Always the younger sister

March 29th, 2011 by billie

Our latest exhibit at the Maine Women Writers Collection is a family tree of sorts, showing the family ties among ten of the writers in the collection.

The exhibit features the mother-daughter pairs of Josephine Peary & Marie Stafford, Elizabeth Coatsworth & Kate Barnes, and A. Carman Clark & Kate Flora; and two sets of sisters, Mary Ellen Chase & Virginia Chase and Kate Douglas Wiggin & Nora Archibald Smith.

I had the opportunity to process Nora Archibald Smith’s (1859-1934) papers last semester and through that began to learn about who she was as a person, writer and school administrator.  Many of you may know her sister’s most famous work: Rebecca of Sunnybrook Farm, but did you know that together they opened the California Kindergarten Training School?

Both girls were born in Philadelphia to Robert Noah Smith and Helen Elizabeth (Dyer) Smith.  Their father died shortly after Nora’s birth and their mother then moved the family to Portland, Maine.  She soon remarried and the family moved into Nora and Kate’s stepfather’s (Dr. Albion Bradbury) house in Hollis, Maine.  It was in the farmhouse called “Quillcote” that both Nora and Kate grew up, and to which they would later retire.  In 1873, while Kate attended finishing school in Andover, Massachusetts, Dr. Bradbury moved the family to California.

Nora Archibald Smith graduated from Santa Barbara College, which she referred to as “an impermanent institution which never before had conferred similar honors (and never did again)” (Smith, 1925).  She then took a job in Mexico where she taught for a year.  After that she went on to Tucson, Arizona to teach for two years while her sister opened the first free kindergarten west of the Rocky Mountains on Silver Street in San Francisco, California.  In 1880 they founded the California Kindergarten Training School together.  Nora Archibald Smith went on to become the superintendent of the free kindergarten on Silver Street and later to take over the running of the California Kindergarten Training School in 1889.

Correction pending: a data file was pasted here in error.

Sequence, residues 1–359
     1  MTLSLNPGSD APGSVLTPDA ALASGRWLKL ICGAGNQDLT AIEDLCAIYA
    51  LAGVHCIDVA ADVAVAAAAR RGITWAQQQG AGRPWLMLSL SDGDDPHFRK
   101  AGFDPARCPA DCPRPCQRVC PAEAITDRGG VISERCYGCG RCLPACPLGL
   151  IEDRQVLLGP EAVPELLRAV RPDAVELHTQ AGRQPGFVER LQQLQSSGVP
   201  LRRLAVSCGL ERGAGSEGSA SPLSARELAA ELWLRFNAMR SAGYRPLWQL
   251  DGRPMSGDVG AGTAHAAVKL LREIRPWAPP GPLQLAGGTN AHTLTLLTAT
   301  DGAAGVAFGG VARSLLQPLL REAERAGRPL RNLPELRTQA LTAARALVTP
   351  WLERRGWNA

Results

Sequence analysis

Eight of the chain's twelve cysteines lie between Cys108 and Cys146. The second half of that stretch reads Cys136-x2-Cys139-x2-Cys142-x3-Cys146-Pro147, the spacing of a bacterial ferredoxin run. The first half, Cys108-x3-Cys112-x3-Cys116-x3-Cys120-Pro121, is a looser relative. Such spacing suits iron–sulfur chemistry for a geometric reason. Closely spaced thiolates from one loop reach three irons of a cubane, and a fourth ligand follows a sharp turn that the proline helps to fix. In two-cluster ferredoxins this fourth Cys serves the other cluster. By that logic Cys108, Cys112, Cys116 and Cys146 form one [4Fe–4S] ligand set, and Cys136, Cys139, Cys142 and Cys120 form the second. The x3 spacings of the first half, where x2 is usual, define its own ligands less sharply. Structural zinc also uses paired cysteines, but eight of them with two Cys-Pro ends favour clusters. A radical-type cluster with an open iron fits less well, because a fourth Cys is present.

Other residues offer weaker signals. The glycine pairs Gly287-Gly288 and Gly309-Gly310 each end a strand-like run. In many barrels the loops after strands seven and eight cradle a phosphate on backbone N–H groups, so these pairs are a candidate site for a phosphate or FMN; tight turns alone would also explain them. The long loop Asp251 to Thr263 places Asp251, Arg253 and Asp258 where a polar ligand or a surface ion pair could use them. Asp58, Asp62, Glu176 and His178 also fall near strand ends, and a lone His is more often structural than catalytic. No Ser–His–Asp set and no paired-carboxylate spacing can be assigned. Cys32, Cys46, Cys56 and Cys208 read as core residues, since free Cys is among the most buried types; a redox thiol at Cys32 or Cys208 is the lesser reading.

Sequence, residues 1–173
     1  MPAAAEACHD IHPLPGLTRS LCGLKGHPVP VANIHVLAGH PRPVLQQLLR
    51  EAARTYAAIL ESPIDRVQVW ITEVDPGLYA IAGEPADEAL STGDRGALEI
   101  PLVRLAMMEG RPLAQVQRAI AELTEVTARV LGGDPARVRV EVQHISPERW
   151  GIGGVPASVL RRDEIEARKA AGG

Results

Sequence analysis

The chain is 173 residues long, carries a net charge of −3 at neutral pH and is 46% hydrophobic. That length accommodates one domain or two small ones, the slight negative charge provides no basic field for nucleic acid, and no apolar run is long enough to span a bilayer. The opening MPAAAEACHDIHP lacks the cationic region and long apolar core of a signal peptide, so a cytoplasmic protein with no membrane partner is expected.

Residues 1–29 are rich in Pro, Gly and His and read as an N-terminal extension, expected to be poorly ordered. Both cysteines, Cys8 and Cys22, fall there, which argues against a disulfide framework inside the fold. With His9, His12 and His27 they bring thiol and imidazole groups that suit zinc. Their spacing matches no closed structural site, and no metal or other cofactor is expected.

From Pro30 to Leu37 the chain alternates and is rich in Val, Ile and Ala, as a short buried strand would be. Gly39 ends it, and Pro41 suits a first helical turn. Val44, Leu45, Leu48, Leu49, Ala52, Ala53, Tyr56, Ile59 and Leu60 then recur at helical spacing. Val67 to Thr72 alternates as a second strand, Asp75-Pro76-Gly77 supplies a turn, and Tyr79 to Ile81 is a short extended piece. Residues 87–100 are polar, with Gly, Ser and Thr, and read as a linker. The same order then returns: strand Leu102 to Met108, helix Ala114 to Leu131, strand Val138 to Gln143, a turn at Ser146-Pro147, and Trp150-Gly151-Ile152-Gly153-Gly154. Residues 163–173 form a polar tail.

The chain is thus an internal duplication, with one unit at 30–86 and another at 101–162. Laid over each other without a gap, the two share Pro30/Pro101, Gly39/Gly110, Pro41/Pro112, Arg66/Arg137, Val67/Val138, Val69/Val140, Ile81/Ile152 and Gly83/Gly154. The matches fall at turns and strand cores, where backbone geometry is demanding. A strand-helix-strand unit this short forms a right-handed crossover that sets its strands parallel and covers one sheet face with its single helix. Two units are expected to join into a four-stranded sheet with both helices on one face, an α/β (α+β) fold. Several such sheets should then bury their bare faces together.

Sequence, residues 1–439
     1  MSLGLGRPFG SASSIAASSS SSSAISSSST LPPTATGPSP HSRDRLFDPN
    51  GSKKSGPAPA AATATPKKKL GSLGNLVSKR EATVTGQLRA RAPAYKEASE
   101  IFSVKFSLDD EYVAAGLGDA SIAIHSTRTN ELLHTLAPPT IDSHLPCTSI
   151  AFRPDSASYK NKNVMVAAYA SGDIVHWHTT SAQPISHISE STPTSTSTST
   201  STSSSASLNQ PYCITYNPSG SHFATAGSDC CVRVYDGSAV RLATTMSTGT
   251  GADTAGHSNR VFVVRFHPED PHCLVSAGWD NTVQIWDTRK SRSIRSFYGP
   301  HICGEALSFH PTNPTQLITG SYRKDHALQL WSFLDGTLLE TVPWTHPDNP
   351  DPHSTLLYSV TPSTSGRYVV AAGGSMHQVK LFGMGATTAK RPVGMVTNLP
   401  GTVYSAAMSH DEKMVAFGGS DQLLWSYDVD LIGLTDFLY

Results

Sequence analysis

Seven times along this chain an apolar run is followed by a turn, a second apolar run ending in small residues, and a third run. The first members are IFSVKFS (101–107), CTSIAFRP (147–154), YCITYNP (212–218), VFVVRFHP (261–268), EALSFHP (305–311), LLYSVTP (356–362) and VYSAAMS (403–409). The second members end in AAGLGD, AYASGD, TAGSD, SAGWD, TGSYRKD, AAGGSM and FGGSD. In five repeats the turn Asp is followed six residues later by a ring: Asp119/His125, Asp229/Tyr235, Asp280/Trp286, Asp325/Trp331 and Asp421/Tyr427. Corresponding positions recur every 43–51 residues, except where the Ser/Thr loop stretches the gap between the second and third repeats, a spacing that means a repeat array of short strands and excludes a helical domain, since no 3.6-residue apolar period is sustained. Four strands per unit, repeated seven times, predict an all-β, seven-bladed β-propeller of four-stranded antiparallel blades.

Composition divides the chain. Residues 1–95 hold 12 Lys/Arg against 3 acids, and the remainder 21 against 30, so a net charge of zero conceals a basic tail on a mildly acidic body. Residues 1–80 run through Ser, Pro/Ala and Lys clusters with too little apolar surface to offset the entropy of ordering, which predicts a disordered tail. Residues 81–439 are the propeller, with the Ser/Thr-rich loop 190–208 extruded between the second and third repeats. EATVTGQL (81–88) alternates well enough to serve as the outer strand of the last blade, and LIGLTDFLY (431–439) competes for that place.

Ms. Smith was president of the California Froebel Society, an executive member of the committee of the International Kindergarten Association, and the vice-president (1891-1892) of the kindergarten department of the National Education Association.  Nora Archibald Smith collaborated with her sister to write or edit fifteen books.  Ms. Smith, a writer in her own right, also published many serial stories and academic journal articles.

The Nora Archibald Smith papers include scrapbooks of her writings in publications such as Kindergarten Review, The Outlook, Primary School Popular Educator and New England Magazine.  The collection contains correspondence to Kate Douglas Wiggin collected by Smith while writing her biography of Wiggin; correspondence with her publisher; Houghton, Mifflin and Company; and Smith’s private correspondence.  One of my favorite pairs of letters is one written in Spanish offering Smith a job and a reply letter from Smith, accepting the job and promising to try to learn some Spanish before she gets there.